Local man who had near-deadly bout with COVID-19 still dealing with lingering symptoms

A Bucks County man who was one of the first people diagnosed with COVID-19 in the area during the onset of the pandemic said he's still experiencing symptoms long after recovering. 

Rico Rodriguez was in the hospital for two months with coronavirus in early 2020 and needed to be on a ventilator. He said most of his time spent in the hospital was a blur and he lost 45 pounds. 

"My doctor said when I first woke up that my lungs will come back, maybe not 100%, so I still do have breathing issues and shortness of breath from the longs sentence," Rodriguez said.

Two years later, Rodriguez now considers himself a COVID-19 long hauler – a term for people still experiencing symptoms long after surviving the disease. 

Long COVID is usually diagnosed many weeks after a bout with COVID-19. Any long-lasting effects typically appear about 90 days after symptoms of the initial infection go away, Maria Van Kerkhove of the World Health Organization said.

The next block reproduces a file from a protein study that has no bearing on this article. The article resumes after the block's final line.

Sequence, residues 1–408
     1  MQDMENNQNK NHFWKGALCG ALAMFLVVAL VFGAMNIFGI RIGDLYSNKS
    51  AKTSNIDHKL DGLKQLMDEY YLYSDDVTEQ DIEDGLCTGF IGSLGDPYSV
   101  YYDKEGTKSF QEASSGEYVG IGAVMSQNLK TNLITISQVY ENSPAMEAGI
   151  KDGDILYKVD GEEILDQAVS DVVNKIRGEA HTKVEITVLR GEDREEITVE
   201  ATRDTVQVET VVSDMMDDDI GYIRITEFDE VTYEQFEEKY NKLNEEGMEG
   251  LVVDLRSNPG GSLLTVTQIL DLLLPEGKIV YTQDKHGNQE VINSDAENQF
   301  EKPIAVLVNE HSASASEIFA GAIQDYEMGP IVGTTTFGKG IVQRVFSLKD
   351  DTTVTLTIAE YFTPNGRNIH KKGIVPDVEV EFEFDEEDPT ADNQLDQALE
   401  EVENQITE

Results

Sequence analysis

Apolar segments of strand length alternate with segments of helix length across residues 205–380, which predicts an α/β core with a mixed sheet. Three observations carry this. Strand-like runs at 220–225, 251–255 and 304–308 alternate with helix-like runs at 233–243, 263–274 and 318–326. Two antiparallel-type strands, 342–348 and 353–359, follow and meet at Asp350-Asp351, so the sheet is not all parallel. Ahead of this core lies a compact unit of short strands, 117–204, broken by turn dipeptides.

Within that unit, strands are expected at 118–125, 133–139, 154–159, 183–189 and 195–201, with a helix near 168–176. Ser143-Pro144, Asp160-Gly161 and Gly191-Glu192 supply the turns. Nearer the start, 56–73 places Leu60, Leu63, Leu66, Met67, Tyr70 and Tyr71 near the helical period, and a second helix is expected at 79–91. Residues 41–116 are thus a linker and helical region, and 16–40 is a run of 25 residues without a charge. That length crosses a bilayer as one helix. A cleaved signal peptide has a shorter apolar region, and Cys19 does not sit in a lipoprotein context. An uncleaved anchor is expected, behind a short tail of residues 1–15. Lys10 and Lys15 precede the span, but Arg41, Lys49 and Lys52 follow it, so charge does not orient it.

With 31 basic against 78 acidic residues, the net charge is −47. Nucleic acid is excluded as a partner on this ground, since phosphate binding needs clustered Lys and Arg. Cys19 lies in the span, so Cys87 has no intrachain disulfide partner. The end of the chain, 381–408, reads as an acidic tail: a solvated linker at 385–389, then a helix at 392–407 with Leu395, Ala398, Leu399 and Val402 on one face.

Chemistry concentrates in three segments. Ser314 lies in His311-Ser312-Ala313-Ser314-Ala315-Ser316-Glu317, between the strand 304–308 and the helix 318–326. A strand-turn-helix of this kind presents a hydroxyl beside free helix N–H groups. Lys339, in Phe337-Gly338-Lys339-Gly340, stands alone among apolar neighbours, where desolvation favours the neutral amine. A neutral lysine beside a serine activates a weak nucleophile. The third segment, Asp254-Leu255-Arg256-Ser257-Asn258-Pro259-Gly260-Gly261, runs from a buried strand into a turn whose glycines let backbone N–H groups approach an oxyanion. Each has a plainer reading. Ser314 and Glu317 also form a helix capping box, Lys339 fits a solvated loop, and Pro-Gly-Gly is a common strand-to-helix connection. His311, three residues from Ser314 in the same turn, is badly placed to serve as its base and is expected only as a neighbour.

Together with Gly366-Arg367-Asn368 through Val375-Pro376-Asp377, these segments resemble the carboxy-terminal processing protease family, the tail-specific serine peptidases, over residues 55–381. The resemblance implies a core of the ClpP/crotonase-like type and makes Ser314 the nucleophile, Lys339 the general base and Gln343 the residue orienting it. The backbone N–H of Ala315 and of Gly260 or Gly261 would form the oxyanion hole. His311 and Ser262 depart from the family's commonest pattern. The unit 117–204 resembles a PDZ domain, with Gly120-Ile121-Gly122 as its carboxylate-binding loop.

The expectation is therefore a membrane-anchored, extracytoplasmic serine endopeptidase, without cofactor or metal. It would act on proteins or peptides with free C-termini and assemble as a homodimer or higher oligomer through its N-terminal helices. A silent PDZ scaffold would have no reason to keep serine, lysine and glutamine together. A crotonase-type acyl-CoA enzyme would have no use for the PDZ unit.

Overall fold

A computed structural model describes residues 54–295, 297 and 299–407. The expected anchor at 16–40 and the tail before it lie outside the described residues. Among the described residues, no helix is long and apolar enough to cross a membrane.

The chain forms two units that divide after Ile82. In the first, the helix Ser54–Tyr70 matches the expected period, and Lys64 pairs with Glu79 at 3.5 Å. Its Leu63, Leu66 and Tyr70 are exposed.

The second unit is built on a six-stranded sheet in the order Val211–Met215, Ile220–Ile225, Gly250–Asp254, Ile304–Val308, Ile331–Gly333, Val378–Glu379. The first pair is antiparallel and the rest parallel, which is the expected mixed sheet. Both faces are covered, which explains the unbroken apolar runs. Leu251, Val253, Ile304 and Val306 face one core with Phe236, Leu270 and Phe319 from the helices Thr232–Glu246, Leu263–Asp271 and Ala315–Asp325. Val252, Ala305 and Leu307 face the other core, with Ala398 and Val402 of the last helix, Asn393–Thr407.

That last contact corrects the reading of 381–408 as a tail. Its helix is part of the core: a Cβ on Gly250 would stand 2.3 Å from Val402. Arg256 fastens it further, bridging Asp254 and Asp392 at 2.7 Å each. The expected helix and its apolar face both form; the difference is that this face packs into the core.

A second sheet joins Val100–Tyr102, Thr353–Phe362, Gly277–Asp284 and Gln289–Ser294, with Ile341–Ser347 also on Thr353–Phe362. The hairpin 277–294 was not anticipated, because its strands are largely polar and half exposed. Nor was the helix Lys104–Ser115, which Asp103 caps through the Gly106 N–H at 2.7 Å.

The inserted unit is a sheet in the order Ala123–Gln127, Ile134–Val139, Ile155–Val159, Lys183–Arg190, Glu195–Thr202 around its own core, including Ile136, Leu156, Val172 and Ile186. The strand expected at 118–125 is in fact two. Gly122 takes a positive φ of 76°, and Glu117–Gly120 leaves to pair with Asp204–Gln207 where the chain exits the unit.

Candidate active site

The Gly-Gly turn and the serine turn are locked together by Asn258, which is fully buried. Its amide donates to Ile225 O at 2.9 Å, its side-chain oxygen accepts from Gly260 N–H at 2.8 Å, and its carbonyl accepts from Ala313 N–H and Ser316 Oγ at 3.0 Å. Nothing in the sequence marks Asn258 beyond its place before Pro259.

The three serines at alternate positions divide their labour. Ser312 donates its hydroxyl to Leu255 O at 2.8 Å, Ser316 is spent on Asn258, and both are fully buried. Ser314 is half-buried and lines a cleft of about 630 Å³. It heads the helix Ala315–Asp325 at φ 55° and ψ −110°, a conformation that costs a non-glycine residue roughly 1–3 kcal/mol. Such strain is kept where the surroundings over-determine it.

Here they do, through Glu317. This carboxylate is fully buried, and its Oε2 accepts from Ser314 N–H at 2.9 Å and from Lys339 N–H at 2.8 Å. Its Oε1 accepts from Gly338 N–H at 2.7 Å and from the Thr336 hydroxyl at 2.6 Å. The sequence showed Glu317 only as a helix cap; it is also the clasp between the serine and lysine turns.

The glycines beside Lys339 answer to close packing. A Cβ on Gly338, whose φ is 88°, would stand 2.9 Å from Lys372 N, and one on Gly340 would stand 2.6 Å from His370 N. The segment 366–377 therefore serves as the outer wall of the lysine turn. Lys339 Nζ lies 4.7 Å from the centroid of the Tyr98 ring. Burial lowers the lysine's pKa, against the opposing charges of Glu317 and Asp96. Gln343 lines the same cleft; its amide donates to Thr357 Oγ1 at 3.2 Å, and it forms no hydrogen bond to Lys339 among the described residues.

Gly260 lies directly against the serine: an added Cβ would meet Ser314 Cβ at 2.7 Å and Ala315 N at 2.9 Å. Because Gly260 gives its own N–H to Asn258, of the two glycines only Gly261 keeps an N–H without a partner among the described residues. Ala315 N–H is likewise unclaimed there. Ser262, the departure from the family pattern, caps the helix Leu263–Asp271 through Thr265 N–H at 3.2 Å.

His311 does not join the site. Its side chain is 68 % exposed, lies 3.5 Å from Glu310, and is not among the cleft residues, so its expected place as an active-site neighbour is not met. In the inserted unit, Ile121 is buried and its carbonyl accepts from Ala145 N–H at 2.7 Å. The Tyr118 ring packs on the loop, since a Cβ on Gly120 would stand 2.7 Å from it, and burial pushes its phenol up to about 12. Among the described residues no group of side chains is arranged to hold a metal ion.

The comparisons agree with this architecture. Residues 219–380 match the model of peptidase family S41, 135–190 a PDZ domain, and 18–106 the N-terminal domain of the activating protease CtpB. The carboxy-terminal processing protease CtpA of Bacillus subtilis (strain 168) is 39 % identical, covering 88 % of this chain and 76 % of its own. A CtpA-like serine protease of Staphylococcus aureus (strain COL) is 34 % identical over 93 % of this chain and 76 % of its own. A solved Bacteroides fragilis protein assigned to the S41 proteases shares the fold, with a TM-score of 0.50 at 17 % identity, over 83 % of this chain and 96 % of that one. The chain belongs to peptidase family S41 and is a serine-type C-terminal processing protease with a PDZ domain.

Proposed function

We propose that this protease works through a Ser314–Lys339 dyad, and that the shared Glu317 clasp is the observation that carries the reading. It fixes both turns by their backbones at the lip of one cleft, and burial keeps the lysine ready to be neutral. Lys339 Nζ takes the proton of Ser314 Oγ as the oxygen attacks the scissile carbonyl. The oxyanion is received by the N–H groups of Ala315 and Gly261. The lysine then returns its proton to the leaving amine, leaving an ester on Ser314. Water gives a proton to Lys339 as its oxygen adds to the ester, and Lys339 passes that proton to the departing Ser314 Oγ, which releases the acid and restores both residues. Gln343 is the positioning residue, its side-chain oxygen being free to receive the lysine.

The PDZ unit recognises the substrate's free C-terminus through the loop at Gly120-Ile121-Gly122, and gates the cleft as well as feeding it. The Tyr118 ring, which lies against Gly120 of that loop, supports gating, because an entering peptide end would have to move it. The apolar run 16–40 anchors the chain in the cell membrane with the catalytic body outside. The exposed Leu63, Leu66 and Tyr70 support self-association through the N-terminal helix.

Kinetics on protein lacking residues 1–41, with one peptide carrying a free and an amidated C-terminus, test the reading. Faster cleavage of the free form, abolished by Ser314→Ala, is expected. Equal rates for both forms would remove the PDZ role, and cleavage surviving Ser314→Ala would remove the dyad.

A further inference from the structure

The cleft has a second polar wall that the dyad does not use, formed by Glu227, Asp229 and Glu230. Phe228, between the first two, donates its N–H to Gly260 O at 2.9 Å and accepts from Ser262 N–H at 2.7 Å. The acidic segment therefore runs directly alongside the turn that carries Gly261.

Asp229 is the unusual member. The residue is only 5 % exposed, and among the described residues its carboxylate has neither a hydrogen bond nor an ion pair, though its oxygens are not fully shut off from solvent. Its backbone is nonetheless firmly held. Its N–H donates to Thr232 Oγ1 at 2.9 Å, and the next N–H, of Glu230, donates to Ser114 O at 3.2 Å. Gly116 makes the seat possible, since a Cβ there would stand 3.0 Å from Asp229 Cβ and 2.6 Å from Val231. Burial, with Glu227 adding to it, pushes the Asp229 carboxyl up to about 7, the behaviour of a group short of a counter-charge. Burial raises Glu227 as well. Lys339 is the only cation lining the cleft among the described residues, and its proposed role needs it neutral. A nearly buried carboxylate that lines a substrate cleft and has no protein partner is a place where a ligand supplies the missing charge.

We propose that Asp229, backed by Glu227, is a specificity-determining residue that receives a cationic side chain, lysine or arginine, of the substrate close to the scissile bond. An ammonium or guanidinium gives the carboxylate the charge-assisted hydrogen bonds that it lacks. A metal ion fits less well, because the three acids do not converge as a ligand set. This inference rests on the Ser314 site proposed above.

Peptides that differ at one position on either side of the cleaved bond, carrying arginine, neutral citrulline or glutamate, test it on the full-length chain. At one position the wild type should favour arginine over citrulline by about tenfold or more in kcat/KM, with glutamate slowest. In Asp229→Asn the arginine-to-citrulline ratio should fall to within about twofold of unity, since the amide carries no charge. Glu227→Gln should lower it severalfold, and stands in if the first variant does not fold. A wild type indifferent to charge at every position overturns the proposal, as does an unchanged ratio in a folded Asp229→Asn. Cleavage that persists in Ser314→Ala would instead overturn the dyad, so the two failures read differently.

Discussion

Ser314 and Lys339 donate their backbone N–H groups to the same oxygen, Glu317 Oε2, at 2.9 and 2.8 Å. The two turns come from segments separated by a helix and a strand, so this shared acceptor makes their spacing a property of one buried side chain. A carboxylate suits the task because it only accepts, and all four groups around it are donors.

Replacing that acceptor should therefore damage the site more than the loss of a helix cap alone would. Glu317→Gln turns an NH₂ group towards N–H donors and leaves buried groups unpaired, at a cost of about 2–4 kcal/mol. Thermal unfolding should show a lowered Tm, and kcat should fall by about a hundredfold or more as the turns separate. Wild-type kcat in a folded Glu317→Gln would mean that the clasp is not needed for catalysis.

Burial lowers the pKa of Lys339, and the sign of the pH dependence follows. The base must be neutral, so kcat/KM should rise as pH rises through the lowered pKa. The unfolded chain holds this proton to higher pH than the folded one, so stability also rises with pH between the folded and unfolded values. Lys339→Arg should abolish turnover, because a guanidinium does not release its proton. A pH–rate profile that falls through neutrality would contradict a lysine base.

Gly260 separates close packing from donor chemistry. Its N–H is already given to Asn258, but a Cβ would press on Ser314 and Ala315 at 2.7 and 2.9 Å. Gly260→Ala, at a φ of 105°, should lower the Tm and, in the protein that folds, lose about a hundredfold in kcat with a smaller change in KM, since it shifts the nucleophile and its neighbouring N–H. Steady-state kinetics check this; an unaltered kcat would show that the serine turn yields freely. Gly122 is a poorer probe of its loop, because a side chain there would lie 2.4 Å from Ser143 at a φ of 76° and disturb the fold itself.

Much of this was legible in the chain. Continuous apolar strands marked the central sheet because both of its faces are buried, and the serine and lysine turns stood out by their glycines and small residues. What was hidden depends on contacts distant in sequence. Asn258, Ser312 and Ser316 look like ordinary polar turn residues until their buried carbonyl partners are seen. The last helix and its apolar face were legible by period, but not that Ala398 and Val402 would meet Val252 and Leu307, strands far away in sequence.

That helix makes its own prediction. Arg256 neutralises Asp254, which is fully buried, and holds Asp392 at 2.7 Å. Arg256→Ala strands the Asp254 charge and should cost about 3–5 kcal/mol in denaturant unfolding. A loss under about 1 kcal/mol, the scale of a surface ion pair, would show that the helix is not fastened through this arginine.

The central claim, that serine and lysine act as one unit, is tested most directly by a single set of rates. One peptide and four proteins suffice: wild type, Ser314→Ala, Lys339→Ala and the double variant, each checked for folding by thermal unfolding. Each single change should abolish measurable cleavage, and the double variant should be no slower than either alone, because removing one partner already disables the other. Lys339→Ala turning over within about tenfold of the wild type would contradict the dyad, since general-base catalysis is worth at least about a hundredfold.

Rico Rodriguez said he had a nearly deadly bout with COVID-19 during the onset of the pandemic and is still experiencing symptoms.

Overall, some estimates suggest more than a third of COVID-19 survivors will develop some symptoms of long COVID. Symptoms include fatigue, brain fog, shortness of breath, anxiety and other problems. The lingering illness is more likely if you’ve been hospitalized with COVID-19, but research shows it can happen even after a mild infection.

"He's definitely not the same as when he went into the hospital," Rico's wife Beth said. "He used to have so much energy and now his energy level is not the same and I see him struggle."

Two years removed from his near-deadly bout with COVID-19, Rodriguez said he and his family are grateful everything is opening back up. 

"We consider ourselves very lucky, and I think we're very optimistic," Rico said.




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